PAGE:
The return-to-work process for injured workers is critical in achieving successful outcomes for employers and employees alike. A key aspect of the process is engaging injured workers in the rehabilitation and return-to-work process as soon as possible.
According to one risk consultancy firm, 2cRisk, the best practice approach for employers to follow in return-to-work processes includes:
1. Clear job descriptions and job task analysis (JTA) are critical
Being able to clearly identify the physical and psychological components of an occupation is critical to any rehabilitation process. The JTA forms the foundation of any graduated return-to-work program (GRTW) and can greatly assist the treating medical practitioner in developing an effective return to work program in consultation with the return to work coordinator.
The JTA ensures that that the pre-injury department is involved in the GRTW program and places clear focus on what the worker can do, rather than what they cannot.
2. Use of pre-employment medicals
Pre-existing conditions have the potential to derail any GRTW program and in some instances, may be the originating source of the injury, exacerbated by the occupational tasks. De-constructing what is work related and what is not, quite often leads to animosity in the injured worker, who usually associates their injury with what happened at work, rather than the claim determination requirements.
For injured workers with non-work related conditions such as diabetes, obesity, arthritis and other degenerative conditions, managing these in the context of a work related claim for compensation becomes very difficult and can lead to extended periods of rehabilitation. Identifying an employee’s health status should ideally start prior to being hired so that if required, a health management plan can be put in place to reduce the likelihood of injury or exacerbation due to the work environment.
The first conversation with the worker is critical and forms the foundation of what will occur during any rehabilitation program. It helps manage expectations and set a standard for what will be communicated and when.
Ongoing communication should involve all of the key stakeholders, including management, the GP, allied health providers and insurers, but must start and finish with the injured worker themselves.
4. Do not leave any injured worker at home and out of contact
Carrying on from “Communication”, isolated workers are more likely to experience difficulties in returning to work. We know from studies that the longer someone is off work, the less likely it is they will return.
5. Commence a gradual return to work as soon as possible
Just because someone is injured, does not mean that workshould cease, rather it should, under medical supervision, be modified to accommodate injured worker’s needs.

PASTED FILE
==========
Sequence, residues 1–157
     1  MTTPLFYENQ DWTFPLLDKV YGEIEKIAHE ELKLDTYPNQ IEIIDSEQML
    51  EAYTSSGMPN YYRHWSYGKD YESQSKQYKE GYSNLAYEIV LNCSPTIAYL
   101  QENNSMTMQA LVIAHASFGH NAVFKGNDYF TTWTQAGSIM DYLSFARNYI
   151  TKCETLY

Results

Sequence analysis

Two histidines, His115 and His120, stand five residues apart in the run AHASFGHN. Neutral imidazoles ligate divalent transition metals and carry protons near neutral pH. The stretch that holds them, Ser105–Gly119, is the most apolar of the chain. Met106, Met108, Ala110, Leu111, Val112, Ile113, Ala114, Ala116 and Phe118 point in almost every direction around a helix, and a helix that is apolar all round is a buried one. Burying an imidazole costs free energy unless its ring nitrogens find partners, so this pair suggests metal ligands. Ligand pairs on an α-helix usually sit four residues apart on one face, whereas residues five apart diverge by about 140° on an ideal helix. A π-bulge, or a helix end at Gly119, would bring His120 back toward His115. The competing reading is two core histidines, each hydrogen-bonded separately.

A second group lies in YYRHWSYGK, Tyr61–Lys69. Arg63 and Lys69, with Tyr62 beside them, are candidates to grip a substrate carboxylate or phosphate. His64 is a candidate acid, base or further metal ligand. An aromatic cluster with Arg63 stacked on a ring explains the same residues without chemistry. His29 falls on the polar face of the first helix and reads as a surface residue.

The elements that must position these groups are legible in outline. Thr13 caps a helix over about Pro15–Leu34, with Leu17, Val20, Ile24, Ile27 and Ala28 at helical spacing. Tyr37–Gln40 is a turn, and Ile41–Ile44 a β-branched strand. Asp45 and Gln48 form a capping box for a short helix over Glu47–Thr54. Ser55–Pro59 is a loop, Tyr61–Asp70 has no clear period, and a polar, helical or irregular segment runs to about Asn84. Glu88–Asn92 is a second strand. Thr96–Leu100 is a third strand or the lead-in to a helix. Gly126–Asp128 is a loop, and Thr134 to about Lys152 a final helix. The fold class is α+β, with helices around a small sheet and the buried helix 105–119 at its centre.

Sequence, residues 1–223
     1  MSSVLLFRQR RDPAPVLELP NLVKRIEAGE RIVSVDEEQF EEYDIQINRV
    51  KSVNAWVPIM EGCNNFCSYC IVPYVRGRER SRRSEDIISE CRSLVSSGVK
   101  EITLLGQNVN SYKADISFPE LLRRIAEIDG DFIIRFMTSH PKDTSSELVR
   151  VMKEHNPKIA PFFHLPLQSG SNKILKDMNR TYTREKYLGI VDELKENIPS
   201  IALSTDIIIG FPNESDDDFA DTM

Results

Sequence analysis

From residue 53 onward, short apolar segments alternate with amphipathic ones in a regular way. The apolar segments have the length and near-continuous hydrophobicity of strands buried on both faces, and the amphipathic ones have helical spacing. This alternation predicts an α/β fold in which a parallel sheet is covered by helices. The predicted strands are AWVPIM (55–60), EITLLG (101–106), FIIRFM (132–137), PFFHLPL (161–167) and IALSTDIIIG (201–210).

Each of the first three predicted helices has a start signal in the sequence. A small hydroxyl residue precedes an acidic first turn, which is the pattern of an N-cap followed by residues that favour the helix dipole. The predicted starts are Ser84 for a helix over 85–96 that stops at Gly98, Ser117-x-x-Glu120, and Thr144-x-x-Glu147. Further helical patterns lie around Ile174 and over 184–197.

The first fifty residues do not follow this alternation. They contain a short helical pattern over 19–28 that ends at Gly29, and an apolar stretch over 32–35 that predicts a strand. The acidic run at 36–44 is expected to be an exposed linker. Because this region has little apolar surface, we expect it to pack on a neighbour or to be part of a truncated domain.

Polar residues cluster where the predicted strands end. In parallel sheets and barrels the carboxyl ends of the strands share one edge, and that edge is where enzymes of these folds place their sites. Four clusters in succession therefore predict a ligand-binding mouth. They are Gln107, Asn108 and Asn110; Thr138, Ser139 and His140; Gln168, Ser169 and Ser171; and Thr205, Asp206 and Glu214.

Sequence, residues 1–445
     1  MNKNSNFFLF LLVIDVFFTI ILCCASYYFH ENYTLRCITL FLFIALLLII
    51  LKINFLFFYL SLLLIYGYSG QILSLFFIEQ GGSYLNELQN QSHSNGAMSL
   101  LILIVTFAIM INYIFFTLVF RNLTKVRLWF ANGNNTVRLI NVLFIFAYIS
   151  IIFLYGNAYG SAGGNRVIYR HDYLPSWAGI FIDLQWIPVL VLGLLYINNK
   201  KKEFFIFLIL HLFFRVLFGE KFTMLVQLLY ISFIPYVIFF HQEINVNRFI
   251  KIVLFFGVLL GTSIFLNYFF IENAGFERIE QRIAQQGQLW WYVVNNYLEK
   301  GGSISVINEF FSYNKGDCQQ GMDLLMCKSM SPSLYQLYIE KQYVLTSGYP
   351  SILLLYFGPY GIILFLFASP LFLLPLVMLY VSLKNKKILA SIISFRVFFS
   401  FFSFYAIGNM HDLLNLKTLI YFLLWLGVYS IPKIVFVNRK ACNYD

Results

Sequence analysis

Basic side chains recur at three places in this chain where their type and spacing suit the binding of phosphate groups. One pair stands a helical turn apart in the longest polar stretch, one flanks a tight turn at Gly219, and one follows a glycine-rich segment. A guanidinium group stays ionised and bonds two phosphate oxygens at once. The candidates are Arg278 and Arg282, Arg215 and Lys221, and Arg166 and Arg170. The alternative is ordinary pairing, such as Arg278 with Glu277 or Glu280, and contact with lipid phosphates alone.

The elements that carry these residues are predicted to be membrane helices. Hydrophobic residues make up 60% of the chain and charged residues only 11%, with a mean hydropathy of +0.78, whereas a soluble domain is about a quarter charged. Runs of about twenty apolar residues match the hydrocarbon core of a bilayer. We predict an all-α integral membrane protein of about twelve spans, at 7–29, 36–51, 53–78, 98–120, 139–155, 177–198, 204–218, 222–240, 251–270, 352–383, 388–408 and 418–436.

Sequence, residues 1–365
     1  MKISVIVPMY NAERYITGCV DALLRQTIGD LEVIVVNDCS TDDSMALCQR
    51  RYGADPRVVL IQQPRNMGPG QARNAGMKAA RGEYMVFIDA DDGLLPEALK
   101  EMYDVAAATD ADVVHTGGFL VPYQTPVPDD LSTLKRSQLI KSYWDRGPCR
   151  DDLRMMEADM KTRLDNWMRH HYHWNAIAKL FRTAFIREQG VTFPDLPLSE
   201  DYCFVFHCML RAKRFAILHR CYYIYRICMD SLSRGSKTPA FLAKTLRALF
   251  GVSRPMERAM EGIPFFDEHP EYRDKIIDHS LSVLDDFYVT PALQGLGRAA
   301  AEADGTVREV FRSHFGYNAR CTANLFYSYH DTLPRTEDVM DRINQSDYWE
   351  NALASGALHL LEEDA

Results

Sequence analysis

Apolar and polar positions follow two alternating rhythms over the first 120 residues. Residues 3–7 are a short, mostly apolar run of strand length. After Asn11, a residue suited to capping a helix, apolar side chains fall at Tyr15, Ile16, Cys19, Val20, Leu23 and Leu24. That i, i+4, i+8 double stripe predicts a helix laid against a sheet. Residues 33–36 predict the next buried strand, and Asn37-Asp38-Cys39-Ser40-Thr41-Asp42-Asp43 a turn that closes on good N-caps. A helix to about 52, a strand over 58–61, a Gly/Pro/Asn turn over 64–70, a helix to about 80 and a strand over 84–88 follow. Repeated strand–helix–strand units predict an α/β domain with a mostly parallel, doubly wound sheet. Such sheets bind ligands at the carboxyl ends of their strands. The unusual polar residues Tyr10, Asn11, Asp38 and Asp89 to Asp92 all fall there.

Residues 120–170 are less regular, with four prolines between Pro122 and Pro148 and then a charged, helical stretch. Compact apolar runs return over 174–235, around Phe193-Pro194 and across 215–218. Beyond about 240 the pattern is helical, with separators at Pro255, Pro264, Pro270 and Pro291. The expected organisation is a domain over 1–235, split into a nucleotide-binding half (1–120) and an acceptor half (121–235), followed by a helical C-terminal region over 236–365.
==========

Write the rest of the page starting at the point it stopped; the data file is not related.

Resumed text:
6. Return-to-work needs planning; this should always include planning for failure
Not every injured worker is going to return to their pre-injury occupation. Planning for this, in the more serious cases, should start immediately and include conditioning the worker for this via counselling, vocational assistance, training and literacy assistance. Don’t wait until it’s too late!
7. Engage with all levels of management; a sense of ownership is paramount
As seen with most systems within a workplace, if there is ownership and buy-in from senior management, this filters down to the shop floor and to the workforce as a whole. Workers who are not engaged by management are far more likely to experience a disproportionate outcome through failures in rehabilitation and return-to-work.
8. Learn from the past.
In order to get an understanding of how well (or poor) your return-to-work practices are, engage with your insurer and explore your past claims data to ascertain what types of injuries are occurring and what sorts of outcomes your organisation experiences.
9. Develop health programs around your injury experiences
For example, if you claims history is suggestive of back claims, implement a health program aimed directly at targeting core spine strength. This can be further targeted by understanding which occupations are more likely to incur these types of injuries and by doing so, your organisation can use health management tools to manage, rather than just waiting until further claims come in.
10. Survey injured workers after their return to work
Most individuals who have returned to work following an injury have a story to tell. Learn from them. Surveying injured workers is a critical and yet often underutilised tool for gaining valuable insight into how your return-to-work and indeed rehabilitation system works.
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